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ERIC Number: ED549233
Record Type: Non-Journal
Publication Date: 2012
Pages: 277
Abstractor: As Provided
Reference Count: N/A
ISBN: 978-1-2673-6262-9
ISSN: N/A
Service Learning as Civic Pedagogy: A Narrative Inquiry Exploring the Community College Student Experience
Robinder, Keith E.
ProQuest LLC, Ph.D. Dissertation, Colorado State University
In "Democracy and Education," Dewey (1916) proposed that a primary role of higher education should be to renew and strengthen students' commitment to active civic life. More recently Campus Compact, a consortium of college and university presidents committed to community service, challenged higher education to "re-examine its public purposes and its commitments to the democratic ideal... to become engaged, through actions and teaching, with its communities" (National Campus Compact, 2007, p. 2). Many authors have called for higher education to renew the democratic mission of higher education (Colby, Ehrlich, Beaumont & Stephens, 2003; Franco, 2005; Hodge, Lewis, Kramer & Hughes, 2001). Community colleges were founded to bring the ideals associated with democratic purposes of higher education to a more inclusive, locally defined community (Cohen & Brawer, 2008). Service learning has been identified as an effective teaching strategy to achieve the goal of civic engagement for community college students (Prentice & Robinson, 2007; Prentice, 2011). The purpose of this narrative inquiry was to explore the stories of how community college students experience academic service learning. Seven students who completed academic service learning assignments at a comprehensive community college shared their personal stories, service learning experiences, and reflections on their experiences. The content and context of the students' narratives were analyzed to explore the connections between participating in service learning and developing a commitment to active citizenship and leadership for the common good. Holistic content analysis of the narrative data created rich and compelling stories. The students' stories demonstrated that service learning is a transformational educational practice that engages students fully in the educational process and validates their lived experiences. Service learning involves students in meaningful, empowering experiences that build their capacity to lead productive and purposeful lives. By providing educational opportunities that empower and transform students, community colleges build cultural capital, increase human potential in local communities and promote the civic habits of an inclusive, democratic society that Dewey envisioned. My findings and analyses reveal that service learning is an effective civic pedagogy, particularly when instructors utilize rigorous reflection assignments that challenge students to consider their roles beyond the classroom as citizens and leaders. The student's stories also illuminate the impact of the open access mission on both students and communities, and exemplify the power that community colleges have to transform the lives of students. [The dissertation citations contained here are published with the permission of ProQuest LLC. Further reproduction is prohibited without permission. Copies of dissertations may be obtained by Telephone (800) 1-800-521-0600. Web page: http://www.proquest.com/en-US/products/dissertations/individuals.shtml.]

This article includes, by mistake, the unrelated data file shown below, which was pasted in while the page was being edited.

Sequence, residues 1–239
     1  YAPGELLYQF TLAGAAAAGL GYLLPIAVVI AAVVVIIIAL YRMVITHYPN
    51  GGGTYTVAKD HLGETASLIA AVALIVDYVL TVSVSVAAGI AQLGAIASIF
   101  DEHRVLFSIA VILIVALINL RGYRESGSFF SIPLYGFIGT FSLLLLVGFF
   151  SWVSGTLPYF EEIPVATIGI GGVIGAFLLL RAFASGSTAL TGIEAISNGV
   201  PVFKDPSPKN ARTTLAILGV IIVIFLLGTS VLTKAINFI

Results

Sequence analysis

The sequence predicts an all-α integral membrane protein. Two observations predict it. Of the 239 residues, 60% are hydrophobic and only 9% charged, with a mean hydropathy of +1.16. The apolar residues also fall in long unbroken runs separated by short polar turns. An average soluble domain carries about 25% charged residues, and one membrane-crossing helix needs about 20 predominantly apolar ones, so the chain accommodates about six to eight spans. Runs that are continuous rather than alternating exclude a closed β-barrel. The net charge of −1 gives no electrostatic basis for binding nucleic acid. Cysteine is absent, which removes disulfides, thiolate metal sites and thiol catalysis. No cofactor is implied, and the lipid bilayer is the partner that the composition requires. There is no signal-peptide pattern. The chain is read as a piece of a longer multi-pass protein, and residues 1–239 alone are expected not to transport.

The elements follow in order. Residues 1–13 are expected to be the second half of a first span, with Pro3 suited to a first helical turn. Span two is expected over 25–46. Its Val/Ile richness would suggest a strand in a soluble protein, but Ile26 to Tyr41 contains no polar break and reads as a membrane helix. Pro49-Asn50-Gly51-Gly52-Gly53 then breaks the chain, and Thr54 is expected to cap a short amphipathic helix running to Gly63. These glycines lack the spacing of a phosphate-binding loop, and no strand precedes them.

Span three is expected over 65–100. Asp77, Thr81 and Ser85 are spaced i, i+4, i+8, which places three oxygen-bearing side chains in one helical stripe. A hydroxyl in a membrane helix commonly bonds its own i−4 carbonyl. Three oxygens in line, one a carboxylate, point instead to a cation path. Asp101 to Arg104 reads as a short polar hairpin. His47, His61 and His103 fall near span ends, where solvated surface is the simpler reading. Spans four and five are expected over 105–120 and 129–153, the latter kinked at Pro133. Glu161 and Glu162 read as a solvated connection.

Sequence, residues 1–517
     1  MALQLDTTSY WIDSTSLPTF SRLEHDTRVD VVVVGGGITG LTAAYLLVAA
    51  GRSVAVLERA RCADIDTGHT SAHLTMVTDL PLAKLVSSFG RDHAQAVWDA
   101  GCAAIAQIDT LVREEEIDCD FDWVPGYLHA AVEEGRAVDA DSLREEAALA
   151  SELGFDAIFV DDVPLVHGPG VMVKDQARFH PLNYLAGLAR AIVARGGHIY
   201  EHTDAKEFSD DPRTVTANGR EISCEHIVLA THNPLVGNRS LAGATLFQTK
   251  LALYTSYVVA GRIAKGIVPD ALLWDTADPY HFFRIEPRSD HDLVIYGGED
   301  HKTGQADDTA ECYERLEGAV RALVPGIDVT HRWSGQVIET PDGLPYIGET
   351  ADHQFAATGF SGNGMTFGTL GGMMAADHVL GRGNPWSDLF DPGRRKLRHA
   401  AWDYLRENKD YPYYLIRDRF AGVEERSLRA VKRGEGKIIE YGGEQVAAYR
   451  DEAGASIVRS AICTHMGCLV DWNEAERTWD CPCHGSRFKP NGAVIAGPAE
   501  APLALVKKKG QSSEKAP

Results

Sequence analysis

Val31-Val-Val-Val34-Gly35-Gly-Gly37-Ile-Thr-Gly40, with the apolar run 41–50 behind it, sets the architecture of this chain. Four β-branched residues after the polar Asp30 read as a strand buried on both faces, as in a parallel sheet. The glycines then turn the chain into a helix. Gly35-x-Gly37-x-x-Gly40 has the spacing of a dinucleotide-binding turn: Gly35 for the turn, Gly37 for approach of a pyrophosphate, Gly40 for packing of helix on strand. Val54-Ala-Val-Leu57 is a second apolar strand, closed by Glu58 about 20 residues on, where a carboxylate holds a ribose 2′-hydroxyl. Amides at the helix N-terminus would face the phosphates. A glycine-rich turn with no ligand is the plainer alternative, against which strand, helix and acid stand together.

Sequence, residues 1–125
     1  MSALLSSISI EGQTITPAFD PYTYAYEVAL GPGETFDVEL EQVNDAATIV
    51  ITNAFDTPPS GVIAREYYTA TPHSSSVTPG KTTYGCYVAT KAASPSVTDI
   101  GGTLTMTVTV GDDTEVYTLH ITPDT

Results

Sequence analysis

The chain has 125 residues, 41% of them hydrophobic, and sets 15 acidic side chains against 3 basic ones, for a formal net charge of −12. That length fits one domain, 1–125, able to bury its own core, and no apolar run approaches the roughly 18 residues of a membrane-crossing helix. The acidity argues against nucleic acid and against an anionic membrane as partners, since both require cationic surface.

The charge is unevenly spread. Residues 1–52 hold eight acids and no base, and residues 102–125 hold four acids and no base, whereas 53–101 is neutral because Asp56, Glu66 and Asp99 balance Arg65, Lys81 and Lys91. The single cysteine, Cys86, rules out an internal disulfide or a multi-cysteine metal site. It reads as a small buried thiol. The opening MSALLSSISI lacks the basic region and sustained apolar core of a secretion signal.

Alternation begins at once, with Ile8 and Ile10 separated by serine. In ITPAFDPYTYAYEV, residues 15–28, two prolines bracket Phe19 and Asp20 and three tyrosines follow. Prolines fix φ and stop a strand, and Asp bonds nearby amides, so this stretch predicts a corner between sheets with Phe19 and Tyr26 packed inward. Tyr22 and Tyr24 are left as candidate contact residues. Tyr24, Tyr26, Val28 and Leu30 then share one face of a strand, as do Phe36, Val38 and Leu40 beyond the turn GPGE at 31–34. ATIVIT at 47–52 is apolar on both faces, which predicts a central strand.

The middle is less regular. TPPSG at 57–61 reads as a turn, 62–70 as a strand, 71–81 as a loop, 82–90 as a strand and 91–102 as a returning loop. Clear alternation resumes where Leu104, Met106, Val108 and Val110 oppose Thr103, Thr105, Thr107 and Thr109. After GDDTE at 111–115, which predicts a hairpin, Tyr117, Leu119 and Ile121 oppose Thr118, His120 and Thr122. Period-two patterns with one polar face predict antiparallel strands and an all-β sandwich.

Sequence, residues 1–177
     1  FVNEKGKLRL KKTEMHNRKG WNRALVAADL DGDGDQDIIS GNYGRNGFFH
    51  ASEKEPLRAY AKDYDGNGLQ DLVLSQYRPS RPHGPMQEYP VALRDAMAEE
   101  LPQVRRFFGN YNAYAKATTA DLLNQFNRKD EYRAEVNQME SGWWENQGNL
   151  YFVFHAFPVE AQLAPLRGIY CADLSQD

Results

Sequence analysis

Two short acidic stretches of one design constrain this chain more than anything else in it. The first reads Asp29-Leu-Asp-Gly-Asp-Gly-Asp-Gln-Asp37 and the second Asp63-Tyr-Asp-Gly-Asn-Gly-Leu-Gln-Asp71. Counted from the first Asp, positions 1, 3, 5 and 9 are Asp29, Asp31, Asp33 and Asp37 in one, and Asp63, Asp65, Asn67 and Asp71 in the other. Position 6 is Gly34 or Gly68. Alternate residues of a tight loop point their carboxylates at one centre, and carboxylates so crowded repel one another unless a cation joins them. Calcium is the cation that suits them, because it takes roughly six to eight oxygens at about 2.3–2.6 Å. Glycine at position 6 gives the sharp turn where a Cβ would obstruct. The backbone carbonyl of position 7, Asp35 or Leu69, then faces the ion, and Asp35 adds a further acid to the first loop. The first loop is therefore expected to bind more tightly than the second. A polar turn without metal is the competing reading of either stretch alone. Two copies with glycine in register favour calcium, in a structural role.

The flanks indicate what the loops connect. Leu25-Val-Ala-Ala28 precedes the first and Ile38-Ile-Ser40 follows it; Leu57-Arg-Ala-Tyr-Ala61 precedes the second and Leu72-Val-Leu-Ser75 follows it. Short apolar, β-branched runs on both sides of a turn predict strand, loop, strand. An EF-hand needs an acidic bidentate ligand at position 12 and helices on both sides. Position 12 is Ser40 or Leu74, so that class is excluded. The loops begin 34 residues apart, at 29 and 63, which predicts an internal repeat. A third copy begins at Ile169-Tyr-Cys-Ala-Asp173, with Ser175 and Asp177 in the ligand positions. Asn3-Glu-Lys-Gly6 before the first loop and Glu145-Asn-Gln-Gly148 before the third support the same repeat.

ProQuest LLC. 789 East Eisenhower Parkway, P.O. Box 1346, Ann Arbor, MI 48106. Tel: 800-521-0600; Web site: http://www.proquest.com/en-US/products/dissertations/individuals.shtml
Publication Type: Dissertations/Theses - Doctoral Dissertations
Education Level: Two Year Colleges; Higher Education; Postsecondary Education
Audience: N/A
Language: English
Sponsor: N/A
Authoring Institution: N/A